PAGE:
By this time, you’ve probably heard that Dan Webb has been appointed as the special prosecutor in the investigation into the entire Jussie Smollett fake hate crime fiasco. As he gets on with his work, it’s anticipated that he will be calling Cook County State’s Attorney Kim Foxx in for questioning. Foxx has a lot to answer for, being the person who mysteriously dropped all the charges against Smollett proposed by the grand jury.

Who did she talk to prior to making that decision? Why did she say she recused herself when she really didn’t? At the Chicago Tribune, veteran columnist John Kass is posing a different question, however. It came up during a segment of his podcast, The Chicago Way, while talking to retired judge Sheila O’Brien. Will Foxx take the Fifth? And what happens next if she does?

“You think she’ll take the Fifth?” retired Judge Sheila O’Brien asked on my podcast, “The Chicago Way.”

Stunning questions are often the simplest. I was stunned to the soles of my shoes.

“That’s my question. Does she take the Fifth? Think of it,” O’Brien said. “You’re Kim Foxx now, and you’re thinking, ‘I’ve got to hire a lawyer.’ The county can’t pay for that, I don’t think. Hope not. You’re her lawyer now. What do you do? She has that right. Do you have her take the Fifth?”

According to other lawyers and judges I interviewed, Foxx’s defense attorneys would be sorely tempted to have her take the Fifth, even before a grand jury.

Keep in mind that Foxx is in the middle of running for reelection. Could a State’s Attorney actually plead the Fifth to avoid incriminating herself under oath? Well, obviously she could. Anyone can. But could she still be elected after doing that? Would she even be able to stay in the race with a straight face? Oh, who am I kidding? This is Chicago we’re talking about.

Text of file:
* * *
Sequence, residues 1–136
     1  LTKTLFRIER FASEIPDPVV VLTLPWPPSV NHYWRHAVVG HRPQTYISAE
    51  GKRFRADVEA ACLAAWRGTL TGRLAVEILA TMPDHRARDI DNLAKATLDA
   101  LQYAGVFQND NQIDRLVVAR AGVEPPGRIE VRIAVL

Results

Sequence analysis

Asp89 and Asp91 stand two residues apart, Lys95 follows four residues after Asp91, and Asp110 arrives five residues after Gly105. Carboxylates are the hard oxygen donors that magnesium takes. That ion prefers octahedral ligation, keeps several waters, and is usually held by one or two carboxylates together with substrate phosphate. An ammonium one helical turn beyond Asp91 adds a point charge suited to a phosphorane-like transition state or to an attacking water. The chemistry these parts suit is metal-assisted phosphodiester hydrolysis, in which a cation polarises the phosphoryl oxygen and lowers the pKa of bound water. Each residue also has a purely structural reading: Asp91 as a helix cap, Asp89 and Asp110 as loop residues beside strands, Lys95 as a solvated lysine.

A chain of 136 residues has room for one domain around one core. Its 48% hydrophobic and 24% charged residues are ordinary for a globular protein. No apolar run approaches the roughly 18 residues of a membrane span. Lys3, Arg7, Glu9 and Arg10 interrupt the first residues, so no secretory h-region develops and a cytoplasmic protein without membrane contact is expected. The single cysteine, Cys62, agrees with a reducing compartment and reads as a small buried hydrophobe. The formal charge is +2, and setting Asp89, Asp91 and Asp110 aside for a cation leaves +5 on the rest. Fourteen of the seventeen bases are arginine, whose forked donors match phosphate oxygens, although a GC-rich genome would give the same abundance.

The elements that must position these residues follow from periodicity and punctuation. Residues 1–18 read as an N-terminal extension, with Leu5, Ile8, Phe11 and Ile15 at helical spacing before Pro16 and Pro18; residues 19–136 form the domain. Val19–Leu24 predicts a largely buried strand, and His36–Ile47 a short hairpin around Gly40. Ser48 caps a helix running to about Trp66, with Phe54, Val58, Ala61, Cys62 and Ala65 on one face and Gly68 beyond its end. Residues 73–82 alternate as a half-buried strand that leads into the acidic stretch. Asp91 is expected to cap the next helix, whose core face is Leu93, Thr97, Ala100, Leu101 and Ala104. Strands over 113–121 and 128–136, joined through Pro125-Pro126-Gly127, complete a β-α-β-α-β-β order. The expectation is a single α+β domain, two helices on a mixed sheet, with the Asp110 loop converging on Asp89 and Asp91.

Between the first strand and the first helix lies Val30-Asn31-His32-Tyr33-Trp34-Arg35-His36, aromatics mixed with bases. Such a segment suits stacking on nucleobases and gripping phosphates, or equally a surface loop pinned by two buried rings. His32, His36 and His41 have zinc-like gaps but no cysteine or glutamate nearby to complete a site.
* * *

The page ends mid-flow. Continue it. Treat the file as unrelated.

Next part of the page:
Kass is really focusing on Foxx as the key potential villain in this entire debacle, far more so than Smollett himself. He goes so far as to say he doesn’t care whether or not he goes to jail, calling him “a show pony, a pimple in this drama.” The real crime here, he claims, is the damage done to “the integrity of the justice system in corrupt Cook County.”

I can sympathize with that point of view to a certain degree, but I’m not sure we should be so quick to let Smollett off the hook entirely. He remains the sole person allegedly responsible for the fake police reports and all of the flotsam and jetsam that followed. A grand jury found the case both convincing and serious enough to merit legal charges that could result in jail time.

Yes, it certainly appears that Foxx’s office was up to something odious, cutting deals and making contacts with famous celebrities and people with powerful political connections so their friend wouldn’t end up in jail. But if that’s the case, Smollett didn’t create that problem. He simply cast a national spotlight on it.

Kass goes on to point out that Foxx has made no secret of her hopes to one day replace Dick Durbin in the Senate. Along the way, she has been building relationships and connections with Hollywood stars and prominent politicians including both the Obama clan and Kamala Harris. What becomes of those ambitions if she winds up in front of a grand jury with her hand on a bible, saying she refuses to answer the questions to avoid self-incrimination?

From all of her public statements to date, it certainly appears as if Kim Foxx believes herself to be untouchable, cradled safely in the security of the Chicago Democratic political machine. Perhaps we’ll see that theory put to the test in the weeks to come.